Jacob Rees-Mogg MP: Commons vote ‘makes no-deal Brexit more likely’

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Published: 1095 days
JACOB REES-MOGG defied claims across the political spectrum that Theresa May's concession to Tory rebels this evening had killed off the chance of a no deal Brexit, instead insisting the Government's last-minute compromise had made it more likely.

Tory MP and prominent Brexiteer Jacob Rees-Mogg played down reports that Theresa May had "sold him down the river" but admitted tonight's concessions were a "mistake".

Speaking on Channel 4 News, Mr Rees-Mogg delivered his first reaction to the votes on the Brexit Lords amendments that took place in Parliament today.

The Government avoided a humiliating defeat on the EU withdrawal bill, but Brexiteers like Nigel Farage are concerned this could spell danger for Brexit.

The Government defeated the amendment by 324 votes to 298 after a late concession to a group of Tories led Dominic Grieve.

However, Mr Rees-Mogg bucked the trend by denying that a no deal option in Brexit talks was dead, instead claiming the decision today had made a no deal scenario "more likely".

Channel 4 News reporter Jon Snow asked Mr Rees-Mogg whether he had accepted that the chance for a no deal Brexit was over.

He responded: "I think Dominic Grieve’s amendment makes a no deal Brexit more, rather than less, likely .

"The reason for that is that the House of Commons if it sets out indications for how the Government should negotiate, it’s a very inflexible body for doing that.

"It can legislate for what the Government can ask for, but it cannot legislate or pass motions for what the EU will give.

"We have a separation of powers for a very good reason.

"That is because the Government can have flexibility and acts quickly while parliament acts slowly.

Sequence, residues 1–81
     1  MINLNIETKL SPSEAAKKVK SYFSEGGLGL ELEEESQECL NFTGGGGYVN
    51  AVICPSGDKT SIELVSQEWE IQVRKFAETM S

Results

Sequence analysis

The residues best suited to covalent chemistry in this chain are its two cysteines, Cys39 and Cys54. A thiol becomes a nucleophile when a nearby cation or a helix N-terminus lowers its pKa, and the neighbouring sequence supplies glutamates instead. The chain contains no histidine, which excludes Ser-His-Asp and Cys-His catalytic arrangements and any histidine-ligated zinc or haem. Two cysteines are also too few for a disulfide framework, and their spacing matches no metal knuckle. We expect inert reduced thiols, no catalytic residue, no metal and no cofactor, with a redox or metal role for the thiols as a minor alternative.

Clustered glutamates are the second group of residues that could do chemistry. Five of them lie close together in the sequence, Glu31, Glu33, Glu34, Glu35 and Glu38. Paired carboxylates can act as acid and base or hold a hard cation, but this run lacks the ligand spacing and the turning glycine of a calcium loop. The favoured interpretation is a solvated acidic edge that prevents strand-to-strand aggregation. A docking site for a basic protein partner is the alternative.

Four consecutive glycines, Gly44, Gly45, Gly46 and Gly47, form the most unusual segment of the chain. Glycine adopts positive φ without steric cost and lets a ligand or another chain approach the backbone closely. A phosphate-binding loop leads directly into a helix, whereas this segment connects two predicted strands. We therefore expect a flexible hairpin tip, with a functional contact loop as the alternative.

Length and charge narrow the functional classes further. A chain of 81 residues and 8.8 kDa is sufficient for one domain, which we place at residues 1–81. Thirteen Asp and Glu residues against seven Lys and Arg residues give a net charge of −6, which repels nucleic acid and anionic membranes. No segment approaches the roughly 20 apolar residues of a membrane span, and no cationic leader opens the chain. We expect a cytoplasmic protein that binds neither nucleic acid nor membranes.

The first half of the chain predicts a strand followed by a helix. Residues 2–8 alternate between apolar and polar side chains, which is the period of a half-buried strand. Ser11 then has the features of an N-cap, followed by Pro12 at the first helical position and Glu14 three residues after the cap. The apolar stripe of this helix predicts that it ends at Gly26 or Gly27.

"Time will be short by the end of November. If we get into the position in November where there is not a deal that the House of Commons likes and it sets down motions for what the government must do, if it asks for things that the EU then doesn't give, it will take too long for the government to be able to go back to parliament, back to the EU to get a deal.

"I think this has gone the wrong way because I am in favour of having a deal, but I do also think a no deal is better than a bad deal."

Snow jumped in, asking the Tory Brexiteer: "Clearly, the Prime Minister has sold one of you down the rivers! And Rees-Mogg, tonight it looks like it's you."

Mr Rees-Mogg denied that Mrs May had sold him down the river, insisting that the British leader was acting very wisely.

Despite Mr Rees-Mogg backing the Prime Minister, other Brexiteers are furious that Mrs May has killed off the prospect of a no deal Brexit.

According to the compromise, if the Commons refuse to agree with the divorce deal, Mrs May will be forced back to the EU negotiating table.

The BBC’s Laura Kuenssberg tweeted: “Government wins. Getting there wasn’t pretty and the Government has arguably given away some of the incentive for the EU to do a decent deal in October.”

The Telegraph's Brexit correspondent James Rothwell said he believed Mrs May had created a situation where "no deal is to all extents and purposes dead" and where "leverage against the EU is virtually non-existent".


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